Fiona uses colour to assist her in telling the story, to such a degree that it almost becomes a character in the story. This is an ‘absolutely conscious decision’. In Cinderella (‘That was a difficult book to get through! There are so many precedents, so many versions’) the dresses of the Ugly Sisters tell the reader a lot about their characters. ‘Who but an ugly sister would go to a ball wearing that colour? A heroine wouldn’t wear a lurid green like that.’ Taking another example of her use of colour as an essential item in the storytelling process, she cites the making of The Song of the Nightingale. The book was originally intended to be ‘quite realistic’ – based on an actual visit to Assisi, together with the inevitable batch of photographs – full of ‘greens and happy colours’. She prepared four or five originals to be shown at the Bologna Book Fair, but they were received without enthusiasm. ‘So I threw the whole lot out of the window and started again!’ Meanwhile, she had discovered a minute engraving of Assisi and this gave her the vital clue as to how the book should be tackled. The engraving was the direct inspiration for the first spread in the book, which shows the grey, oppressive city, brooded over by the encampment of the invading army. ‘Where the tents are in my picture, the engraving showed a gibbet, with a man hanging from it, and it was desert – and that’s exactly the right flavour… the feeling of war, the black of the city and the red of the sky.’ And then comes the song of the nightingale, colour bursting into bud on the tree, the dark is banished and the city becomes radiant. It is an exact visual depiction of the healing power of the nightingale’s song and a perfect example of Fiona’s ability to allow colour (and the lack of it) to carry the burden of the story.
Because she writes most of her books, does she regard herself as a writer as well as an artist? ‘A little bit, yes. It’s necessity really, because there are very very few words that are simple enough and with enough strength for a picture-book. I draw with as finalised text as I possibly can, because if it wasn’t I’d feel so insecure that I wouldn’t be able to draw. The words are right there from the start.’ In the original story of the Maid of the Wood, which Fiona discovered ten years before using it, the maid returns back into the tree. ‘I thought this was a little too negative. Sad really. So I changed it to what it is now, a little hint of Women’s Lib. Endings do have to be relatively happy in books this short… to encourage the reader to pick it up again. If it’s too nasty they’re going to leave it on the shelf.’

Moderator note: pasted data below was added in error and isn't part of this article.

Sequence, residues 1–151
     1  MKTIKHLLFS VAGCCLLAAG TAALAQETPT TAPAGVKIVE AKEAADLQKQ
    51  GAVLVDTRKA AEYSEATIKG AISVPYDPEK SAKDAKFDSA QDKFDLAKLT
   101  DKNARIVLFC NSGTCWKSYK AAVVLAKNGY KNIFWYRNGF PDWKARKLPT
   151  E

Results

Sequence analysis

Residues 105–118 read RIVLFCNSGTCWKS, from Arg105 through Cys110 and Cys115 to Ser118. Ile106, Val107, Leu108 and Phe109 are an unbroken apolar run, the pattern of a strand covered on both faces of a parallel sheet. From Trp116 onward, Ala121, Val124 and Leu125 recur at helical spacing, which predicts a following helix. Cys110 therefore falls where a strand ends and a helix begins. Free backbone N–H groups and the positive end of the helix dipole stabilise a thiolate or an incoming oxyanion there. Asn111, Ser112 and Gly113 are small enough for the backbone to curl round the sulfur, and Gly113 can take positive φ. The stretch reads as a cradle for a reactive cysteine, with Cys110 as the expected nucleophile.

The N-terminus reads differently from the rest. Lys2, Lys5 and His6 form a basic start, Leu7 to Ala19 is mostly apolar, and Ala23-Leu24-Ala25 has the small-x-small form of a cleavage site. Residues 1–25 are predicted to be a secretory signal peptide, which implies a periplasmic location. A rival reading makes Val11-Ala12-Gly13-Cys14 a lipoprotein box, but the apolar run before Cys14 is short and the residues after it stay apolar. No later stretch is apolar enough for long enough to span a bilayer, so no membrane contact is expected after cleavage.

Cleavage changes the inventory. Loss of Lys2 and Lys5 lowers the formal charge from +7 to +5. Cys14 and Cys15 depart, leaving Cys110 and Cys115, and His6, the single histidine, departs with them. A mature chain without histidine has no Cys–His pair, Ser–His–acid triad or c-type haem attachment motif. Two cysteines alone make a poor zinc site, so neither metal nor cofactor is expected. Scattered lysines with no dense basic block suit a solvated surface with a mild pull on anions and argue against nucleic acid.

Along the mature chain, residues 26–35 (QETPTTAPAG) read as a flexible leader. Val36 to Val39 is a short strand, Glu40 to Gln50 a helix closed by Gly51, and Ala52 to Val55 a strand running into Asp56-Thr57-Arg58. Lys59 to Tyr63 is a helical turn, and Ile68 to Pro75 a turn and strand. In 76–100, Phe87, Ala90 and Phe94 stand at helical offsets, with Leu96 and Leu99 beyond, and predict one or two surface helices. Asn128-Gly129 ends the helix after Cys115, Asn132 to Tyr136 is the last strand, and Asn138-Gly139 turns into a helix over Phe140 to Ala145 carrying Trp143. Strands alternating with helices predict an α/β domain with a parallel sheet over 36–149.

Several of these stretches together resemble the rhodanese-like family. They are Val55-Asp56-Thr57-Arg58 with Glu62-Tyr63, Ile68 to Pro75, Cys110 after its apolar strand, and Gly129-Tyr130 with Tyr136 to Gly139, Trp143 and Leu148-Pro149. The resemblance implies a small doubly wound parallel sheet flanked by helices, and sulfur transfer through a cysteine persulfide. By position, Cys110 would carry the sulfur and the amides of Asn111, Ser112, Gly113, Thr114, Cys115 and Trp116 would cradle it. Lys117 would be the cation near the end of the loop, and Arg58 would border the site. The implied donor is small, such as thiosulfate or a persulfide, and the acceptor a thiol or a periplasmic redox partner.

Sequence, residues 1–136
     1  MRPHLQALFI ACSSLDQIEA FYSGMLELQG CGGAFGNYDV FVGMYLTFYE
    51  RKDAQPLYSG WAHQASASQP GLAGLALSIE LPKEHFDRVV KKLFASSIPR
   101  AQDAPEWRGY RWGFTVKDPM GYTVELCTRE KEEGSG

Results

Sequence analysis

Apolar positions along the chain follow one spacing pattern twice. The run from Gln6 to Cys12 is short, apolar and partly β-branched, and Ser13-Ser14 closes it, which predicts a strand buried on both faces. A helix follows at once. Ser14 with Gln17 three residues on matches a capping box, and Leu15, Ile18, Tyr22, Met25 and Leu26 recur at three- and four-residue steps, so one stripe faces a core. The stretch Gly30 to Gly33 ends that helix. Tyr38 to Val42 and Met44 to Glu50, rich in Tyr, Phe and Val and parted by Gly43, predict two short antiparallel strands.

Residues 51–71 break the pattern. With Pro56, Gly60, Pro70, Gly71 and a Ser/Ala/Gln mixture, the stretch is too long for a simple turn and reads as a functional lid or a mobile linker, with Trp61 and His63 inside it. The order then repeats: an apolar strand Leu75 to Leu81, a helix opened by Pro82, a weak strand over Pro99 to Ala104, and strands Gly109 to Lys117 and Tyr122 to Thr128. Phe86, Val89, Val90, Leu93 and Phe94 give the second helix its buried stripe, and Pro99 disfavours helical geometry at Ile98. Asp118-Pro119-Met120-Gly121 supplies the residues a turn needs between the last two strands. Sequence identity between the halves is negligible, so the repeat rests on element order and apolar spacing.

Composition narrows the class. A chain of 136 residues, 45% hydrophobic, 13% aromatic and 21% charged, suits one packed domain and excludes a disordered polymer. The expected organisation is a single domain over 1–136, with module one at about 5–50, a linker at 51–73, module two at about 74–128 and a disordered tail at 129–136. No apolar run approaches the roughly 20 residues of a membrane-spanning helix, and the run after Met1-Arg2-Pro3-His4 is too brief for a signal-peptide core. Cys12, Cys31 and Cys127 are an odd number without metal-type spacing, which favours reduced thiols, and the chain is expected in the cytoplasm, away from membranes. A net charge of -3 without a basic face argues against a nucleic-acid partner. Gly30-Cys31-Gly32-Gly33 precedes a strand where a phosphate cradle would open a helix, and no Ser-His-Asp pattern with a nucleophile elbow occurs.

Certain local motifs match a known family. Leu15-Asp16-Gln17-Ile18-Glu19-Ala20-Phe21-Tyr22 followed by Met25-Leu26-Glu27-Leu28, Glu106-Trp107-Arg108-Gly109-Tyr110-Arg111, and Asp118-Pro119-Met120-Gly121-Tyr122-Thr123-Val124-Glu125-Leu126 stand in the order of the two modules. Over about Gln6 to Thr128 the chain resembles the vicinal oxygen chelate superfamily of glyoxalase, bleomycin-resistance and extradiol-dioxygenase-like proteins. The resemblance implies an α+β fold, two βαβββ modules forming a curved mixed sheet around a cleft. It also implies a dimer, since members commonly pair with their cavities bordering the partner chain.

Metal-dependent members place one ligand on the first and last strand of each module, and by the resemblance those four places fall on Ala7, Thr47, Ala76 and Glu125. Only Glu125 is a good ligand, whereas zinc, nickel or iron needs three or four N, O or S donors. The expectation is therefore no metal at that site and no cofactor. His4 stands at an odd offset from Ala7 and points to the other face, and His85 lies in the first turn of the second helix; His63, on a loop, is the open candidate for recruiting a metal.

It is the painting that causes the headaches.-.’especially on the days it doesn’t go right! The difficult bits arrive in just the area you were least expecting. Often it is page two because the second page is the one that keeps the continuity going through the book. Now, here I am, back to roughs again, because they have helped me so much and now I know exactly what happens on each page.’
When asked whether she works with a particular audience in mind, her reply is immediate and emphatic. ‘No, no, no. Not when I’m actually painting. Never! Over the years you get to know what sort of story will appeal, it’s an instinct.’ The proper place to pitch it is ‘just meeting the very bright kids, or slightly over the heads of the not so bright ones – but that’s all right, that’s terrific. Definitely not talking down to them. If I had a seven-year-old or an eight-year-old in my mind while I was writing, then I would be talking down. Essentially I’m making a story that I’d like to read myself.’
The most recent book, Rise, Shine!, tells the story of Noah’s Ark, using the words of a negro spiritual, though in a slightly modified form. An editor expressed qualms about the possible attitude of American librarians when confronted with the verse ‘If you get to heaven before I doosie, doosie,/Tell St Peter to get out the boosie, boosie’, so Fiona, with a certain reluctance, has amended the line to ‘Tell St Peter, “Don’t be so choosy, choosy”’. The artwork is full of colour and wit and, once again, the style appears to be different, incorporating tiny pen-and-ink figures and landscapes in the backgrounds. ‘This is perfectly logical,’ the ever-practical artist insists. ‘You’ve got a picture of the Ark, and it’s got to be big – ! Well, you’ve just got one double-spread to show this feeling of size, so naturally everything else has to be weeny.’ When she first heard the spiritual, sung by a crowd of 3000 children, she thought ‘Good heavens, this is marvellous, just the right sort of funny flavour I like, not taking itself too seriously.’ Two years later, with the help of one piece of final artwork (subsequently revised), she sold the idea to Methuen.
She thinks that on the whole winning the Kate Greenaway Medal (for Snow White in New York) did make a difference. ‘I think it opens doors, and it helps with getting work. Instead of saying “Fiona French – who?” they now say “Oh yes, she got the Kate Greenaway Medal,”’ adding with a laugh, ‘“How many years ago?”’
In the immediate future is her current project, a picture-book set in Arizona, and the continuous search for subjects. ‘Yes, I do go looking, when I have to. It doesn’t fall into your lap, ever. One thing I can be sure of-the next one’s going to be better. Having said that, I don’t mean specifically the next one. It’s always the next book, anyway.’
Photographs by Chris Stephenson.
Hunt the Thimble, Oxford, 0 19 27971 9 0 £3.95
Maid of the Wood, Oxford, 0 19 279798 0, £5.95
Going to Squintums, Blackie, 0 216 91725 5, £5.95
Snow White in New York, Oxford, 0 19 279808 1, £5.95
Song of the Nightingale, Blackie, 0 216 91952 5, £6.95
Cinderella, Oxford, 0 19 279841 3, £5.95
Rise, Shine!, Methuen, 0 416 08122 3, £5.95